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Malaysia’s Anwar says he is facing ‘malicious’ probe

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Malaysia’s opposition leader Anwar Ibrahim on Friday said a police investigation into a list that purports to show lawmakers backing his bid for the premiership was a “malicious” attempt to pressure him into revealing the identities of his supporters.

Police summoned Anwar to assist with a probe into the distribution of a list of 121 lawmakers who allegedly back his bid to take over as prime minister from Muhyiddin Yassin. The list has been circulated on social media.

Anwar, who spent about two hours giving a statement to investigators, said only the king had the right to know the full details of lawmakers who he says are backing him to give majority support in parliament.

“I’m not here to cooperate with the political masters to give names, because it is not their business. It’s between me and His Highness, the Agong,” Anwar told reporters outside Bukit Aman police headquarters, using the Malay term for the king.

“It’s clearly malicious. It’s clearly a political harassment and clearly from my understanding there is a political instruction to the police.”

Former Malaysian Prime Minister Mahathir Mohamad said on Friday he doubted whether opposition leader Anwar Ibrahim had the numbers in parliament to take the premiership and even if he did the country would remain in political deadlock.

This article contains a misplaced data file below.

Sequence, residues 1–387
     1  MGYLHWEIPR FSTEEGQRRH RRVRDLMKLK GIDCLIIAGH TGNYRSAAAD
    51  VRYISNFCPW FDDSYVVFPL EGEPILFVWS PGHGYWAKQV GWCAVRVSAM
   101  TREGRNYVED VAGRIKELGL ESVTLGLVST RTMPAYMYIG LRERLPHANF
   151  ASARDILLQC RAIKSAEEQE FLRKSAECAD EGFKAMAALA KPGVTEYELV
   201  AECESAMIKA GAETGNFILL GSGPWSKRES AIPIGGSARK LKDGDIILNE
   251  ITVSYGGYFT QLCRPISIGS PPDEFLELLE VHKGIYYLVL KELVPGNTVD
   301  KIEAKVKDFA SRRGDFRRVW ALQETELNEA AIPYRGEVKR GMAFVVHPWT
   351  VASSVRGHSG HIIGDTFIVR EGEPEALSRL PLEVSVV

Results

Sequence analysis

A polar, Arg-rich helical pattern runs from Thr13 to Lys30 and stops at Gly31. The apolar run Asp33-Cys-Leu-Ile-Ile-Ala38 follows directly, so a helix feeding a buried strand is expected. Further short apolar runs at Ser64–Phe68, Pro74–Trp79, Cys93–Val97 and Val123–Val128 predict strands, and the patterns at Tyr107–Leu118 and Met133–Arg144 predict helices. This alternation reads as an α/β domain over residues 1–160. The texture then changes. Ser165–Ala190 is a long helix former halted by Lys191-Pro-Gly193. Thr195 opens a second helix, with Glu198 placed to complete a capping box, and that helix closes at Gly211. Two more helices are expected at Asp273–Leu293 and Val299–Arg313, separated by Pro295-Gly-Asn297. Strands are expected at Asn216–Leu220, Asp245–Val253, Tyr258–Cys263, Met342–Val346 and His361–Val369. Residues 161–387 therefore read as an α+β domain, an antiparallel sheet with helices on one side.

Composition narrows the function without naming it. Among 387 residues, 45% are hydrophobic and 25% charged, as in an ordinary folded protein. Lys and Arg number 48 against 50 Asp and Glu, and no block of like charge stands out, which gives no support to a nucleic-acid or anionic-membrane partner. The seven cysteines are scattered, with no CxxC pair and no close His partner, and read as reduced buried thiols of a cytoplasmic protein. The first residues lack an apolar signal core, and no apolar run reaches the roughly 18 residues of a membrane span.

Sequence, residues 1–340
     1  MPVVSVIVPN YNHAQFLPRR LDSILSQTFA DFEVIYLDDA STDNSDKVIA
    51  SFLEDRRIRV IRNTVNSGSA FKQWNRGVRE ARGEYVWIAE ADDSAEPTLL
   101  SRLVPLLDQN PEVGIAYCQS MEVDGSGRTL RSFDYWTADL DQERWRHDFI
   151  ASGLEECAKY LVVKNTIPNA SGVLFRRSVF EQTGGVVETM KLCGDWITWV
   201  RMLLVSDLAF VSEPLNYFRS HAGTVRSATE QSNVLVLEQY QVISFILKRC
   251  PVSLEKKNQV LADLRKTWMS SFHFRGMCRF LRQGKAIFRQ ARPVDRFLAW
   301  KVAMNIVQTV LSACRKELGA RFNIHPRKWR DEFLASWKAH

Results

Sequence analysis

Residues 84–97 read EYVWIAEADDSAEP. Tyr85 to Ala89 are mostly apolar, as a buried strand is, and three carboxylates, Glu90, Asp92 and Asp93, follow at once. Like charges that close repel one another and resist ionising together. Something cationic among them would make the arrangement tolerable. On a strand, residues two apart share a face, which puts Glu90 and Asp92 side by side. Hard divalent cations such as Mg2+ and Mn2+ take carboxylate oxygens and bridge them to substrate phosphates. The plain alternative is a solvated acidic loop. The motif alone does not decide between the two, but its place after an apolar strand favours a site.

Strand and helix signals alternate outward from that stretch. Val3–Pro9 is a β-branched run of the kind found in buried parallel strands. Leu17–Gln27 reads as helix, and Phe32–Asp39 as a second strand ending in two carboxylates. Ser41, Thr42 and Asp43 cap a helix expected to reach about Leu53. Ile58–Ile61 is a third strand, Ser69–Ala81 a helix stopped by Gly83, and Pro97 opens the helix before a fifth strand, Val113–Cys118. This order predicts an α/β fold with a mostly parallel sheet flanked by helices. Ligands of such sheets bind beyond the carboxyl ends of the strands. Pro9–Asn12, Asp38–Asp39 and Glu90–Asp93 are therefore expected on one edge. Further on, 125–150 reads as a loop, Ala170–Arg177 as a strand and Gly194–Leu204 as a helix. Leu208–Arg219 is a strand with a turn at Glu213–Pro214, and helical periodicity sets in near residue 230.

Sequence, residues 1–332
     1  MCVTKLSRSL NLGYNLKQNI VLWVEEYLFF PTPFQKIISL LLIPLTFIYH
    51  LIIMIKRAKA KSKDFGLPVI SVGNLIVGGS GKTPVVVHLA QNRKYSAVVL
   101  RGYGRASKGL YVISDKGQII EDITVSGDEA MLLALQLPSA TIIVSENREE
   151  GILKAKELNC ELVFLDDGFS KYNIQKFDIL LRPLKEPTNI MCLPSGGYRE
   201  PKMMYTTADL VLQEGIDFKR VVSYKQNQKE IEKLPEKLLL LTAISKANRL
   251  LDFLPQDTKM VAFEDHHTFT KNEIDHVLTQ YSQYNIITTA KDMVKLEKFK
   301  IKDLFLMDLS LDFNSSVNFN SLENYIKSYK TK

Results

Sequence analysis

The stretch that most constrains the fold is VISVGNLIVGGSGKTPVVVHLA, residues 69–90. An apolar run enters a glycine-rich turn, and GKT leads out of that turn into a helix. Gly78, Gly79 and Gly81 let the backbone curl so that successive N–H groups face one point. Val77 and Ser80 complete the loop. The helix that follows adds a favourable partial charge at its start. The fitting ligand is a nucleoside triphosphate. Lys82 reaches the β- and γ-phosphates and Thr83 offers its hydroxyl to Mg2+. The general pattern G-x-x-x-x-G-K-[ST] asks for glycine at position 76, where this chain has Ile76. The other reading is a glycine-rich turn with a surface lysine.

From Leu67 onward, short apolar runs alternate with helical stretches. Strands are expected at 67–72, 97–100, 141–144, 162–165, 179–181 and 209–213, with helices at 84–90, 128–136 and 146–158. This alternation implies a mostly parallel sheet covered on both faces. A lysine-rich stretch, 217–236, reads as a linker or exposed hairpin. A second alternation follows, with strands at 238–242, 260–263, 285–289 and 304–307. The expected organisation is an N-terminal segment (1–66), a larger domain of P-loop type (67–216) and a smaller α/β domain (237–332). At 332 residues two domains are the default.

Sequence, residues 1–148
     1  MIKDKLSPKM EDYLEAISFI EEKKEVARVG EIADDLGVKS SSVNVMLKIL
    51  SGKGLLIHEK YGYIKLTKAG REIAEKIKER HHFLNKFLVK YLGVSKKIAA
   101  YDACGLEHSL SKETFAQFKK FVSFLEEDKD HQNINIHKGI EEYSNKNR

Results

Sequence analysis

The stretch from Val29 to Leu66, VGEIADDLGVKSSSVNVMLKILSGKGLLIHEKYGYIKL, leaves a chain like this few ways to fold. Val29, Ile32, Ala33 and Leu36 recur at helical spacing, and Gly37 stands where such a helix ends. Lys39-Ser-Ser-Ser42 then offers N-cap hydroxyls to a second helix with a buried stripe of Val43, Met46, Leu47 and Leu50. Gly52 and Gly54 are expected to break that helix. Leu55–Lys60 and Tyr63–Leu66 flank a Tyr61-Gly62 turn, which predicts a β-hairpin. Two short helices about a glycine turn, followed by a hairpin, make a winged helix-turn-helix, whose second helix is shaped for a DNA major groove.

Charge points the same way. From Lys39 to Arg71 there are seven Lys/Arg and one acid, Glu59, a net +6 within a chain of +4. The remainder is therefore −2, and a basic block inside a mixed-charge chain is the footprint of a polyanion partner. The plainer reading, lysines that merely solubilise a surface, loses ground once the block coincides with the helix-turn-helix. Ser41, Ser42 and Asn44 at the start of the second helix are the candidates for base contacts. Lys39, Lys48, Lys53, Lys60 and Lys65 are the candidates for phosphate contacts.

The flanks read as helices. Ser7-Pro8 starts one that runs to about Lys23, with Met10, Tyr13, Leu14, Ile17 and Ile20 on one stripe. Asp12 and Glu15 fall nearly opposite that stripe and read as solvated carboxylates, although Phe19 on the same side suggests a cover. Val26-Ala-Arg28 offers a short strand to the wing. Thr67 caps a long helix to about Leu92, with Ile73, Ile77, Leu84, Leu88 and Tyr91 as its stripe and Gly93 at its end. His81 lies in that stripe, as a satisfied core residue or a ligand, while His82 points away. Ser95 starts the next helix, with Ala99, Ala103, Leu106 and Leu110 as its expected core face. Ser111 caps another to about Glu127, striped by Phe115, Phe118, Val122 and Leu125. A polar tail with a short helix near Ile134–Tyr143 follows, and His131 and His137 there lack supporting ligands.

Anwar met the king on Tuesday in a bid to prove he has a parliamentary majority to form government and take over from Prime Minister Muhyiddin Yassin.

Mahathir, who mentored Anwar and many of the country’s top leaders, said even with new leadership Malaysia would remain susceptible to shifting political alliances, particularly by the United Malays National Organisation (UMNO) former ruling party.

“So the situation is very uncertain … either way, there is going to be a situation where there is no government in the country,” Mahathir told Reuters in an interview at his office in Kuala Lumpur.

Mahathir, with Anwar’s backing, steered the opposition to a historic win in the 2018 election, ending six decades of rule by UMNO with a campaign against corruption.

But his administration collapsed after a bout of in-fighting earlier this year, paving the way for Muhyiddin to take the post in March with the backing of UMNO.

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